Perhaps the greatest virtue of The Carrs is the illusion of isolation it creates. Trees line the slopes of the Bollin Valley hiding the houses above and creating the illusion of nature extending far beyond the park's real boundaries. Thus it provides one of the greatest gifts of a park to its urban users, that of relief from the built environment. Obviously, it wasn't always like that.
The word 'Carrs' derives from the Norse 'Kjarr' meaning 'meadow recovered from bog' and so identifies not only the original state of the land but also its subsequent use, as pasture land for the villagers to graze their cattle. The park that we enjoy today began to take shape in 1925 when Henry Boddington of Pownall Hall donated the eponymous Playing Fields (a gift commemorated on the stone archway in Chancel Lane). The 1935 purchase by former Wilmslow Urban District Council of the remaining land up to Twinnies Bridge brought the parkland to 50 acres and established The Carrs as the town's playground.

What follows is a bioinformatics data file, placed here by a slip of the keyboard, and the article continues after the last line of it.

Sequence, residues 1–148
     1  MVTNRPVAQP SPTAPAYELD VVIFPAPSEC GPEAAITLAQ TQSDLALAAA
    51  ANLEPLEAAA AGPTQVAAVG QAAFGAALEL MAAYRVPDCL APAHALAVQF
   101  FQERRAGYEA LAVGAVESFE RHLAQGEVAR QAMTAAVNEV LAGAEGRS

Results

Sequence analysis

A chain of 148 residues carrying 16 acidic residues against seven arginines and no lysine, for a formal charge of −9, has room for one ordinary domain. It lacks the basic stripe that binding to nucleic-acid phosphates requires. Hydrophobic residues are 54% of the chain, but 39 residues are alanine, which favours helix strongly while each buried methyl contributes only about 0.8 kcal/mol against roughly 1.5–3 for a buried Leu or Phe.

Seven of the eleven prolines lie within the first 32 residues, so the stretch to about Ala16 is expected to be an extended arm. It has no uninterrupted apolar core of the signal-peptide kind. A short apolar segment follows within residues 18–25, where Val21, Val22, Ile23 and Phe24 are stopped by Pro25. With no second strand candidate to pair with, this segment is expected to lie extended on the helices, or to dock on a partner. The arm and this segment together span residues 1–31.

Would you like to know more about the history of The Carrs, which is a more complex story than set out above? Click here. Or download a PDF of the page.
Skateboard and Football park. As you can see, there is also a basketball hoop, for those so inclined. The artwork? The Friends commissioned Damien Hirst, but he was held up so had to send his teacher.
Woodland Walks. There is not quite enough woodland in The Carrs to get lost in (an assertion tested by many parents), but there's enough to allow you to imagine that you might. The slope here rises to Hawthorn Lane.
Riverside Walks. It takes about 20 minutes to walk from one end of The Carrs to the other. Just follow the river; it knows the way.
The Playground. It is undoubtedly the most popular in Wilmslow, is well maintained and usually has an ice cream van in attendance as a reliable means of getting the children out of the playground and towards the car.
The Tennis Courts. For when SW19 is booked up. The courts are always open and free. The Council makes valiant efforts to keep the nets as taut as the leg muscles of the players who use the courts.
A Basketball Ring. Why is it there? Has anyone ever used it? Will anyone ever use it? Look. There's a mother with two toddlers. Maybe she'll find a use for it. Who knows?